The concept of quantum computing was first proposed back in the 1980s and since then the race has been on to develop the first reliable, scalable quantum computer. Done right, this revolutionary technology could rapidly accelerate developments in fields like machine learning, drug development, finance, and cryptology. However, quantum computers are proving exceedingly difficult to build and program. Today’s early models are small, unstable, and can’t outperform normal computers at simple tasks. When the first fully-functional quantum computers are finally built they will likely have extremely small memories, so they will require specially-designed algorithms that don’t use a lot of memory.
Stacey Jeffery is a tenure-track researcher at Centrum Wiskunde & Informatica (CWI) in Amsterdam who designs these types of algorithms. One of the algorithms she focuses on is a type of classic algorithm called a random walk algorithm. Random walk algorithms are used when a computer is looking for something but doesn’t know how to find it. “Think of it like looking for a bathroom in an unfamiliar city without a map or smartphone to help,” explains Stacey. All you can do is wander down the streets and turn left or right at random until eventually you find a bathroom. A random walk algorithm doesn’t use a lot of memory because the computer only needs to remember where it is right now, not where it’s been.
Stacey and her collaborators recently made a major breakthrough in the random walk algorithm. They showed that every random walk algorithm (not just special cases) can be made faster by using a quantum computer, which is something researchers have been trying to demonstrate for 15 years. Quantum computers can find solutions faster thanks to a physics principle called superposition. While a regular computer bit stores information as either a 0 or a 1, superposition allows a quantum computer bit to represent both 0 and 1 at the same time. Think of it like flipping a coin but then not checking to see whether it landed on heads or tails. The result is in a sense both heads and tails at the same time, or even a little bit heads or a little bit tails.
Going back to the bathroom analogy, a classical random walk algorithm tries one of many different potential paths to the bathroom at random in order to find the right one. However, in a quantum random walk algorithm, superposition causes different paths to interfere with each other. Sometimes two paths can actually add up while two others can actually cancel each other out. The goal is to have the good paths all add up and the bad paths all cancel each other out, leaving you with only the good paths to the bathroom.
Collaboration is vital for producing these types of advancements and breakthroughs in theoretical research. Stacey’s work has been facilitated by the fact that CWI is located in Amsterdam Science Park which brings together researchers from eight different universities and institutes into one place. Stacey’s collaborators from the University of Amsterdam sit just across the hall from her so it’s easy for her to bounce ideas off them or quickly get an answer to a pressing question. CWI’s central location makes it the perfect place for Stacey to develop own research group as a recipient of the Women in Science Excellence (WISE) programme grant. The WISE programme offers top female researcher tenure-track positions and start-up funds at Dutch research institutes like CWI.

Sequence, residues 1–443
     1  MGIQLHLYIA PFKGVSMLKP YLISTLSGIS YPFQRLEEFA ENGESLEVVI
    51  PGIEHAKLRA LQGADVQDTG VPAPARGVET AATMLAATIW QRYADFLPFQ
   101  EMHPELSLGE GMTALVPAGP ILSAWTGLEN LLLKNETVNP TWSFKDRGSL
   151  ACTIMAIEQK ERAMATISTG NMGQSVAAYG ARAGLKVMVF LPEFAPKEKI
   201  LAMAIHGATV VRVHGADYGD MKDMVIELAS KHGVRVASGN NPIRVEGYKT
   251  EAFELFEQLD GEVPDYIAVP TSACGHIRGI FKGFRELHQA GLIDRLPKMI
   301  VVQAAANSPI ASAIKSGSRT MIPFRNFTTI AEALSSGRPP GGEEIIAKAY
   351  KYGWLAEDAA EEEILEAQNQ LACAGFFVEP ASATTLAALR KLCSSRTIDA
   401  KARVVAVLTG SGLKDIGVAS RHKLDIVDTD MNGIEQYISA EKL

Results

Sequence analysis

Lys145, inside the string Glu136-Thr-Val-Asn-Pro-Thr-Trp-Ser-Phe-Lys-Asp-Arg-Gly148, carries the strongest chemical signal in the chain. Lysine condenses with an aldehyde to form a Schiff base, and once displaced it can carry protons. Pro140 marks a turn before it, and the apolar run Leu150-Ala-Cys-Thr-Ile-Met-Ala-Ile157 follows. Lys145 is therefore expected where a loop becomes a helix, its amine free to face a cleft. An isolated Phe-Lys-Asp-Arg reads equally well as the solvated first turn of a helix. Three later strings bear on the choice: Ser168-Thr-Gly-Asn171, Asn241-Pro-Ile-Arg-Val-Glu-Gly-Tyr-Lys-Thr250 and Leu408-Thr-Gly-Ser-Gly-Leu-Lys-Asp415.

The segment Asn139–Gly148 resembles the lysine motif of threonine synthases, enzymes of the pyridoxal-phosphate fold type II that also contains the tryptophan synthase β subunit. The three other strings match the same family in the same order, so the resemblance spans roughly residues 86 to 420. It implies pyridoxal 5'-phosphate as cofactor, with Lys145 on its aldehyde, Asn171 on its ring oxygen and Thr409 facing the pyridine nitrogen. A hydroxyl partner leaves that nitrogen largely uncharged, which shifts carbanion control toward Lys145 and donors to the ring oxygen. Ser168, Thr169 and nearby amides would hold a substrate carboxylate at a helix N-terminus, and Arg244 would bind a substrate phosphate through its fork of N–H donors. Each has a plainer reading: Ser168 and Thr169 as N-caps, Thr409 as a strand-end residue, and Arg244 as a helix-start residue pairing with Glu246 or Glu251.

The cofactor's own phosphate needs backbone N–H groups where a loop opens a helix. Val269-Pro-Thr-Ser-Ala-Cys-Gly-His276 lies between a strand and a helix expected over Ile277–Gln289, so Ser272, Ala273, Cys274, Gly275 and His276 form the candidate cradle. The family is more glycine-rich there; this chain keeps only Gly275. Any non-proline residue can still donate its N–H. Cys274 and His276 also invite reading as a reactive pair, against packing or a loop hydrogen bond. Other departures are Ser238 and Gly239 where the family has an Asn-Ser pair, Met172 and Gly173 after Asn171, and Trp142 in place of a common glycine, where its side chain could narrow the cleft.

Working at CWI also allows Stacey to focus on her research and not worry about some of the things that scientists at other institutes have to worry about. “Applying for grants is one of the most time consuming things you have to do as a researcher. CWI has a lot of resources in place to make the process easier and to help you secure funding,” she says.
Although she had applied for (and won) major grants before arriving at CWI, she found going through the grant application process without CWI’s support to be much more daunting. “I’ve really benefited from their help,” she adds.
One of Stacey’s more ambitious goals is to have her algorithms run on actual quantum computers. “If I have a big breakthrough and discover that with a really small amount of memory we can actually solve important problems, then it’s more likely that the algorithms will run in the next few years. But it also depends a lot on how the actual quantum computers progress,” she says. In researching how to bring down the memory requirements for certain types of algorithms, Stacey’s work is helping to make functioning quantum computers a reality sooner.
Written by Sarah Binns, Academic Stories
Stacey explains more about her Quantum research work at CWI in the A&C group video